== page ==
Death and taxes.

It was a vogue idea in the early 1700s, it seems: “Nothing is certain except for death and taxes.” It’s still quoted today, frequently.

So, in essence: “Once upon a time, TAXES. The End.”?

I disagree.

Sometimes… well, sometimes the end comes well before any taxes are due–a miracle, in shorthand, cut short. Tiny hands that will never hold a dollar, let alone hand it over to the powers-that-be.

But when life lasts just a bit longer, there are a few other sureties. Things guaranteed, at least once in every life, no matter how small and unremarkable they may seem. Their descriptions don’t fit in a truism, so they are disregarded.

A moment that makes you catch your breath and marvel. A smile, a look, a touch, that warms your heart, even if only for a second. Even the most disadvantaged of us experience a few of these moments between our grand entry, those pernicious taxes, and our exit point. Whether or not you have all your five senses, your freedom, your health, a family, a home–you will have these moments. They are just as certain as taxes, just as certain as death, and much more worthy of recognition, ponderance, and remark.

Think of some experience you’ve had–one which you were amazed to discover that someone else shared. Isn’t that one of the biggest secret (or not-so-secret) reasons that we read, that we write? To find those experiences, or to shout about them into the darkness, in an effort to pile up the evidences that we are not, after all, alone?

The only thing that is sure in life is that we are not alone. Death and taxes are just two more things which we all have in common.

Let’s look for those commonalities, these moments worth remembering, every day; and then, let’s help someone else learn to catch their own moments, when they come. If we learn to recognize them, and pile them high together, maybe our bonfire can light up this night we’re all stumbling through. (It sure beats whining about taxes.)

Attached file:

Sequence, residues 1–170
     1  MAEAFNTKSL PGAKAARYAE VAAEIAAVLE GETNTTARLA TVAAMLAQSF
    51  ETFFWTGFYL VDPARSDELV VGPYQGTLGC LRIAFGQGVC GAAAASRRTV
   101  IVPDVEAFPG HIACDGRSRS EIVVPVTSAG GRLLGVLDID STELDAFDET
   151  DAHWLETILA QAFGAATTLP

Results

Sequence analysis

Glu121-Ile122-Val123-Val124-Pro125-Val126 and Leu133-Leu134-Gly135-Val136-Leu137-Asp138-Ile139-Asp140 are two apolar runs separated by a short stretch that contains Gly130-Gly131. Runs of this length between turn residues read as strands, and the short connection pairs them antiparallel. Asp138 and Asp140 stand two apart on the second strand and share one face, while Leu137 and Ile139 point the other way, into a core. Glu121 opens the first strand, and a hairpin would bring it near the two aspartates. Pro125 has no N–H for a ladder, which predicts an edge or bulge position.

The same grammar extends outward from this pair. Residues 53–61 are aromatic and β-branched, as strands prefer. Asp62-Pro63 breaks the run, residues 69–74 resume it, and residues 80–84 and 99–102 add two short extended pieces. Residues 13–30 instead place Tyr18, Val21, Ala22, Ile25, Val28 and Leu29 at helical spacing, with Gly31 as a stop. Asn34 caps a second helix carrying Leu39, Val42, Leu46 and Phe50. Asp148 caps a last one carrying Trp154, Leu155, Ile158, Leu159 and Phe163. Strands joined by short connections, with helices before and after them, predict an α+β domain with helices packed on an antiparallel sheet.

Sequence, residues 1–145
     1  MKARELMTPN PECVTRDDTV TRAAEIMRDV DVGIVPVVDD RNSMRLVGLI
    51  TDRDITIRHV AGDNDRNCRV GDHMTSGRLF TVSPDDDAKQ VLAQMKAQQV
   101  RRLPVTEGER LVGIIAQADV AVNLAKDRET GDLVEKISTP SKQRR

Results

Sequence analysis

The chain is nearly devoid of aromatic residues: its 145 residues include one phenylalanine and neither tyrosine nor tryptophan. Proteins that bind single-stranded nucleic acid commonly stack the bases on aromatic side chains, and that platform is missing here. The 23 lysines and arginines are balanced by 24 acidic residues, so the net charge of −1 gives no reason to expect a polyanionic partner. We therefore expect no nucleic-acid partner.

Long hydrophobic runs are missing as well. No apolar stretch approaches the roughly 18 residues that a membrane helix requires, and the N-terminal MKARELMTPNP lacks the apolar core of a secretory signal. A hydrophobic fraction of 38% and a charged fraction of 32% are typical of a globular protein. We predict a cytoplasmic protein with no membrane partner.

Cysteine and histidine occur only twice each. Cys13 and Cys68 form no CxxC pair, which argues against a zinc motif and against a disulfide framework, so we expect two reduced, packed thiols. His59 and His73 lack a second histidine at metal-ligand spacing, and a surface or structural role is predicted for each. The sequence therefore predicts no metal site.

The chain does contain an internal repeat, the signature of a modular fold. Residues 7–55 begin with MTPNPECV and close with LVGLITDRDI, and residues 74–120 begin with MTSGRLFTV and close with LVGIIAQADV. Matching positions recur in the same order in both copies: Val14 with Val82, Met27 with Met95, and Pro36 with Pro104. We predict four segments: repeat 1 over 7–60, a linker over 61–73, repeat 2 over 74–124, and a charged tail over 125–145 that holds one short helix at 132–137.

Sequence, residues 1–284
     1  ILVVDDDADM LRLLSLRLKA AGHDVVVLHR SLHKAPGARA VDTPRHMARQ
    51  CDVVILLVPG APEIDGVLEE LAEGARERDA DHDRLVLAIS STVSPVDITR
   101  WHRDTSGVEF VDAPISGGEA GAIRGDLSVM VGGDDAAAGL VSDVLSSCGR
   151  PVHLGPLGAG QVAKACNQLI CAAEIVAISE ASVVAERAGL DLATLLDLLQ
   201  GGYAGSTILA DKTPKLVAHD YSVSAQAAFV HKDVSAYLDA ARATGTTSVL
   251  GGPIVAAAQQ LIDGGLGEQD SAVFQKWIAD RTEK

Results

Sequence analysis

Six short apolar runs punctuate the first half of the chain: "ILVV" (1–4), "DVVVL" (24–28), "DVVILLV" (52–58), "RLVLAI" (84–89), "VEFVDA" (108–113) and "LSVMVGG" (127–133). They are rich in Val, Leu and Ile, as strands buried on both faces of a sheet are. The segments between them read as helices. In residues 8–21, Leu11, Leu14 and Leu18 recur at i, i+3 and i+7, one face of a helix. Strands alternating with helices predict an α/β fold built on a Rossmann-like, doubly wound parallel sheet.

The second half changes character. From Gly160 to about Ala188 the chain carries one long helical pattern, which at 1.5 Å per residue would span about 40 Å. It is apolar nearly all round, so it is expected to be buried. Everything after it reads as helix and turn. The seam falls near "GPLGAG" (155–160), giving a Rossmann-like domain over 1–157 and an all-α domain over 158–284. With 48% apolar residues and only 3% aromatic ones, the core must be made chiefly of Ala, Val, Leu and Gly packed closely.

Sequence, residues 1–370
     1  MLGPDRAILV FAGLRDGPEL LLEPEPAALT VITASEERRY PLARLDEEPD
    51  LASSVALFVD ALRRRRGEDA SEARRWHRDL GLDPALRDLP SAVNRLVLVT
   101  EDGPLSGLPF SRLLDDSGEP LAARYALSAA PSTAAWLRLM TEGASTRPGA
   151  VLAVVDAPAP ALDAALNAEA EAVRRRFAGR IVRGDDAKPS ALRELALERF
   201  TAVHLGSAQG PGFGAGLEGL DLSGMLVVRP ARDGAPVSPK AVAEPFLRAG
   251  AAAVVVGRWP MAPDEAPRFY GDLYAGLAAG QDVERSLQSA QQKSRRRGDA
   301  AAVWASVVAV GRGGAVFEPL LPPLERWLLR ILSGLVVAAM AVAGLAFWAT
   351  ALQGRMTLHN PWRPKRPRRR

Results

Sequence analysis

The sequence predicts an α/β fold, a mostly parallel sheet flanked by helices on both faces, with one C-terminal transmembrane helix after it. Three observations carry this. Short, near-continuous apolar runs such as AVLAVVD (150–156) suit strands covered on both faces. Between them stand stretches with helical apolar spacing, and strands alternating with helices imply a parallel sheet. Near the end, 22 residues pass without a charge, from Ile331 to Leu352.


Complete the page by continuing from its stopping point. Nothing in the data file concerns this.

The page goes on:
Blather, anywhere.


Hey, whaddya know? I can post from my phone.

This poem is from an old book found lying in a dusty waiting room. Somehow I can’t help but picture two chagrined Roosevelt elk locked apart by their spreading antlers, awkwardly trying to reach each other’s lips for a smooch. (Which is so absurd that it’s wonderful.)


Obscurism: The practice of peppering daily life with obscure references (forgotten films, dead TV stars, unpopular books, defunct countries, etc.) as a subliminal means of showcasing both one’s education and one’s wish to disassociate from the world of mass culture.

–as defined in Douglas Coupland‘s ponderific novel, Generation X: Tales for an Accelerated Culture )

Something about setting up a new site saps the creativity out of me. Too much process and not enough presence. So, for my flagship post, I’ll just quote something obscure and self-referencing, because meta.

One of the things I love to romanticize (and there’s a long list) is obscurity. But of course, by drawing attention to it, trying to define it, we undo it. That quality, that ephemeral can’t-quite-catch-it-or-pin-it-down-will-‘o-the-wisp-ishness, is what enchants me. I read a book a few years ago called If Nobody Speaks of Remarkable Things by Jon McGregor, and the entire book was basically a fly on the wall of the everyday lives of a handful of unremarkable people in an apartment building. But the act of novelizing their experiences, remarking upon them, made those experiences by definition remarkable.

Things are only unremarkable when we fail to recognize them. The most remarkable events in our lives are the obscurities that we bother to remark upon.

And so, a blog. About obscurities, self-awareness, and reflection–as well as about all the other unremarkable things in my life about which I wish to remark.

adj. ob·scur·er, ob·scur·est

  1. Deficient in light; dark.
  2. So faintly perceptible as to lack clear delineation; indistinct.
  3. Indistinctly heard; faint.
  4. Linguistics. Having the reduced, neutral sound represented by schwa.
  5. Far from centers of human population: an obscure village.
  6. Out of sight; hidden: an obscure retreat.
  7. Not readily noticed or seen; inconspicuous: an obscure flaw.
  8. Of undistinguished or humble station or reputation: an obscure poet; an obscure family.
  9. Not clearly understood or expressed; ambiguous or vague: “an impulse to go off and fight certain obscure battles of his own spirit” (Anatole Broyard). [from]